Sunday, April 1, 2012

Samsung Galaxy S II Smartphone (T-Mobile) Review


Like many of today's latest smartphones, the Samsung Galaxy S II sports an all-black front face dominated by a huge touchscreen. The size of the display is even more impressive considering the phone's extremely thin profile (5.1 x 2.7 x 0.4 inches). The Galaxy S II's flat, slab-like shape has smoothly rounded edges which make for a comfortable grip.
Users with small hands, though, will find it difficult to reach the far side of the device. Despite being plastic, the phone's gray faux-metal styling creates a sophisticated look. Turning the Galaxy S II over reveals a textured black plastic cover that repels fingerprints. An 8-MP camera and LED flash is here too, along with a gently curved chin on the phone's bottom edge.
At just 4.8 ounces, the Galaxy S II is lighter than the HTC Amaze 4G (6.1 ounces) and the HTC Sensation 4G (5.2 ounces). Both the HTC Amaze 4G (0.5 inches) and the HTC Sensation 4G (0.4 inches) are thicker too, making them less pocket-friendly.


Fun third-party apps include Netflix for streaming movies and TV shows, Slacker Internet radio, and the Asphalt 6 racing game. Watching movies over Netflix was enjoyable--with our entire queue at our fingertips--but in order to play Asphalt 6, we had to download a 455MB file, which took 35 minutes over Wi-Fi.

Samsung also bundles apps of its own, such as Media Hub (offering movies and music for purchase and download) and Social Hub, which pulls e-mail, Facebook, LinkedIn, and Twitter updates into a central location. The AllShare App streams media on the phone to a DLNA-enabled HDTV, provided it's connected to the same network. Similarly, Kies Air lets you access the phone's files from a networked PC.
T-Mobile also mixes in its own apps, such as T-Mobile TV, T-Mobile Name ID, and VIP Bonus Apps. Business-minded apps include Polaris Office for viewing business documents and a trial version of Lookout mobile security. In case you'd like to hide any of these apps, you can place shortcuts into folders on the home screen.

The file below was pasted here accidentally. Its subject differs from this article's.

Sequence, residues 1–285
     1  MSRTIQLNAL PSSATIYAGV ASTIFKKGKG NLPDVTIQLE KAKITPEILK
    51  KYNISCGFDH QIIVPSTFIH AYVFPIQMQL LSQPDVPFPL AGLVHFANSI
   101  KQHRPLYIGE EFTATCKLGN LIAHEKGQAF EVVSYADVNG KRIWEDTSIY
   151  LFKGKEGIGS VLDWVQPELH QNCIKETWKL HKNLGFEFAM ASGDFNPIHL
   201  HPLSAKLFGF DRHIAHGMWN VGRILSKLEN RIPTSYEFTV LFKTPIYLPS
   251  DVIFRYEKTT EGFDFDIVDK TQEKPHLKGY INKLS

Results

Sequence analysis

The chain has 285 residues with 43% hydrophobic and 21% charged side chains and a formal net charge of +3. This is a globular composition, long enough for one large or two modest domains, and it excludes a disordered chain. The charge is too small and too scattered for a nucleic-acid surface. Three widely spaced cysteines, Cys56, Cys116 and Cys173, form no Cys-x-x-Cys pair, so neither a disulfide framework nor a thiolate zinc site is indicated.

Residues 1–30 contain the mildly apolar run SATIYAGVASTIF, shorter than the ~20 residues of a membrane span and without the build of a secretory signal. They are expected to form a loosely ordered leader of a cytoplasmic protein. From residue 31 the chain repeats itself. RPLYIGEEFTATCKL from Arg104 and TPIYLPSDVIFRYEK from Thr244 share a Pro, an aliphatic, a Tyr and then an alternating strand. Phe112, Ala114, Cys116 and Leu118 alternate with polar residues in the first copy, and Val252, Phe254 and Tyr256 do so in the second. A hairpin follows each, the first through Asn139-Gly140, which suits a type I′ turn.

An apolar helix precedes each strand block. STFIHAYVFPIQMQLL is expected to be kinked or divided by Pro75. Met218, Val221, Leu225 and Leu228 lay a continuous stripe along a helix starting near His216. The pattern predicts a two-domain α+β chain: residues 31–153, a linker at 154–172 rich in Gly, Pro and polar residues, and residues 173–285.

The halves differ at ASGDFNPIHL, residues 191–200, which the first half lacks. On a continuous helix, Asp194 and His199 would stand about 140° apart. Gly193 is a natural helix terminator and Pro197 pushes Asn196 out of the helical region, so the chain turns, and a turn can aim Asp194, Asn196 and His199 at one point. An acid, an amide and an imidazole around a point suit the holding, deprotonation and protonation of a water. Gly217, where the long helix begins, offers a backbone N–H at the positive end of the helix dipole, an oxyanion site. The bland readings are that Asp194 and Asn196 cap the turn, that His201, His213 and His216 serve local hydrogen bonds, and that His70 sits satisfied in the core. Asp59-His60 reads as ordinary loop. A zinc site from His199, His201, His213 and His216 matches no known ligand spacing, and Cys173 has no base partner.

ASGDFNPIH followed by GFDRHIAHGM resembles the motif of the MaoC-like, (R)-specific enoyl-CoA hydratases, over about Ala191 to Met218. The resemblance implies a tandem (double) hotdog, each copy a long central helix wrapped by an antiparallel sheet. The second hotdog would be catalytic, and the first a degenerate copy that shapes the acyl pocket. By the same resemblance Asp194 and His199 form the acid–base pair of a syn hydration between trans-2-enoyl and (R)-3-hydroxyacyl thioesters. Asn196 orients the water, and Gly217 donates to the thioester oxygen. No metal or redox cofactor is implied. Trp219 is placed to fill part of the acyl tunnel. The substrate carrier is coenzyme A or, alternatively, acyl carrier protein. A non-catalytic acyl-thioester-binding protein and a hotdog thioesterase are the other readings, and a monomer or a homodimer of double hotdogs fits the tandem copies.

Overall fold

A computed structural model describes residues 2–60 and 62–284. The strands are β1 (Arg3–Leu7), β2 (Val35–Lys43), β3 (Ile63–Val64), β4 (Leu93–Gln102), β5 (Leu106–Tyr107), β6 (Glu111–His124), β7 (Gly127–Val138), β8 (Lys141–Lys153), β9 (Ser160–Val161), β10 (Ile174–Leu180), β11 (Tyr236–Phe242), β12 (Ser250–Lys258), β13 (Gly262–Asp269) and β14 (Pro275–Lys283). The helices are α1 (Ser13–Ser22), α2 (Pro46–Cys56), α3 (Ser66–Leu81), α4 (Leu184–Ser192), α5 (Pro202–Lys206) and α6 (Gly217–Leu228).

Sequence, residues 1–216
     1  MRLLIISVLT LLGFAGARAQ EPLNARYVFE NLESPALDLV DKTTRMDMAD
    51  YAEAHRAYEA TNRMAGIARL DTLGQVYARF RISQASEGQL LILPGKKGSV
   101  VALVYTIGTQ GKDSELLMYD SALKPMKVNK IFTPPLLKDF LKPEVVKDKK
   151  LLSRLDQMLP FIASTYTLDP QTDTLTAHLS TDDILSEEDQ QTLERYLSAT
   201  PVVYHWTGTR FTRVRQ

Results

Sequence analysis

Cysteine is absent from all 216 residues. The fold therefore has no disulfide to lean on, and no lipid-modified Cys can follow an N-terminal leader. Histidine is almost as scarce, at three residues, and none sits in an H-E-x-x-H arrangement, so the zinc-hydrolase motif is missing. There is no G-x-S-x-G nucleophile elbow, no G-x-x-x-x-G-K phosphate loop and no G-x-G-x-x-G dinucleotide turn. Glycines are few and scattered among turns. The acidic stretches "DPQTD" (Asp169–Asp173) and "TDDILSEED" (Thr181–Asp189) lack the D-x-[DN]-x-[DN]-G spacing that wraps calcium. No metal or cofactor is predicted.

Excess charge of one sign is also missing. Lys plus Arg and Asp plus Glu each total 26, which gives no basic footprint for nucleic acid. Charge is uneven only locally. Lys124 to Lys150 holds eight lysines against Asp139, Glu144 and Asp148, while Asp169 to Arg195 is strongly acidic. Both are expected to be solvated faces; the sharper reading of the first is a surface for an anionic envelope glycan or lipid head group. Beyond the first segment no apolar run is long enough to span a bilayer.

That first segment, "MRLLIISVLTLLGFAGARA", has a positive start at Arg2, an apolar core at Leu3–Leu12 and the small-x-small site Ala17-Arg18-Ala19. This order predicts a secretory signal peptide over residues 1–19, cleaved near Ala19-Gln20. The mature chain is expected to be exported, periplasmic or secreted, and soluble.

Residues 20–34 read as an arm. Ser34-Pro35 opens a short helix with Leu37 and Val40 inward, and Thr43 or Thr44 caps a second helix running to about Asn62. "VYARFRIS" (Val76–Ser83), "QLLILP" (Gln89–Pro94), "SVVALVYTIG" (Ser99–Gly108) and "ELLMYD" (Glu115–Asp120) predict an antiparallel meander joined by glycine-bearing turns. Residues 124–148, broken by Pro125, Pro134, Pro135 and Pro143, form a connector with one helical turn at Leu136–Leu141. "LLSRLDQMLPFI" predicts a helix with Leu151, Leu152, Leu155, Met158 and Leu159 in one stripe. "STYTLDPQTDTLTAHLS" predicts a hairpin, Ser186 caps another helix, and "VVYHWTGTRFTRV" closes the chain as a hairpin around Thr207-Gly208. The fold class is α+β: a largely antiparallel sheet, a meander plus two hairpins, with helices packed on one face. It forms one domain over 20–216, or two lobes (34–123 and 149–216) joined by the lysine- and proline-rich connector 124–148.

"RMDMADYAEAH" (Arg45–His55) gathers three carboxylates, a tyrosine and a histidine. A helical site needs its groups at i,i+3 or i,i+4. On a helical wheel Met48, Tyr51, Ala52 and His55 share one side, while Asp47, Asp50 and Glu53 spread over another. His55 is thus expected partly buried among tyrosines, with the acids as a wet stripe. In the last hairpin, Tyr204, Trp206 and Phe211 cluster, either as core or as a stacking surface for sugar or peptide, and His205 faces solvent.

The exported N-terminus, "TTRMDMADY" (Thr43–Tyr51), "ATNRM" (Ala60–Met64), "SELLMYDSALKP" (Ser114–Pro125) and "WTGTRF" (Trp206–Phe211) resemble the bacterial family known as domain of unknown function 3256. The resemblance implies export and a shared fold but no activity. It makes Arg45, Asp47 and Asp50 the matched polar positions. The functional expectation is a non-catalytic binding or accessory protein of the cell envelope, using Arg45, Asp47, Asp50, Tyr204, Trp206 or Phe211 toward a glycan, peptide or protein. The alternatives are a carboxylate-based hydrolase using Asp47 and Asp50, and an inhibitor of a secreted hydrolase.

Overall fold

Equipped with a powerful 8-MP main camera, the Samsung Galaxy S II provided a fun photo-taking experience. The phone cycles between shots in under a second, and its autofocus locked onto subjects with no perceptible lag. Daylight images of autumn tree leaves and bright blue skies had pleasing color. The sensor also did a good job at compensating between light and dark conditions, and when the flash needed to fire, subjects were evenly exposed. Though there are no fancy features such as the panorama mode found on the HTC Amaze 4G, we liked the anti-shake, auto contrast functions, and effects such as grayscale and Sepia.

Video quality was also good, with footage taken at the camera's maximum resolution of 1080p on an NYC street corner showing sharp details of brick and concrete surfaces as well as the bright yellow of taxi cabs.

Call Quality

Calls made on the Samsung Galaxy S II were clear, and callers reported that our voice was easy to hear even on crowded city streets filled with traffic noise. Speakerphone performance was just as pleasant; people on the other end couldn't tell that we were using the phone hands-free.

Battery Life

Despite its super-thin profile, the Samsung Galaxy S II packs in a 1850 mAh battery that lasted a long 7 hours and 38 minutes on the LAPTOP Battery Test (web surfing over 4G). That's almost two hours longer than the current average for Android devices. It also outlasted the Epic 4G Touch (5:48, 1800 mAh), HTC Amaze 4G (5:40, 1730 mAh), HTC Sensation 4G (7:12, 1520 mAh), and myTouch 4G (6:09, 1520 mAh).


Of the new crop of superphones on T-Mobile's network, the $229 Samsung Galaxy S II is the most compelling. Not only does it serve up bleeding-edge performance and feature a lovely Super AMOLED Plus display, it also offers incredible endurance. Another high-octane option on T-Mobile is the $259 HTC Amaze 4G, which features fast 4G, dual-core power, and an even better camera. However, many will fall in love with the Galaxy S II's slim size, eye-catching screen, and swift 4G speeds--and we can't blame them.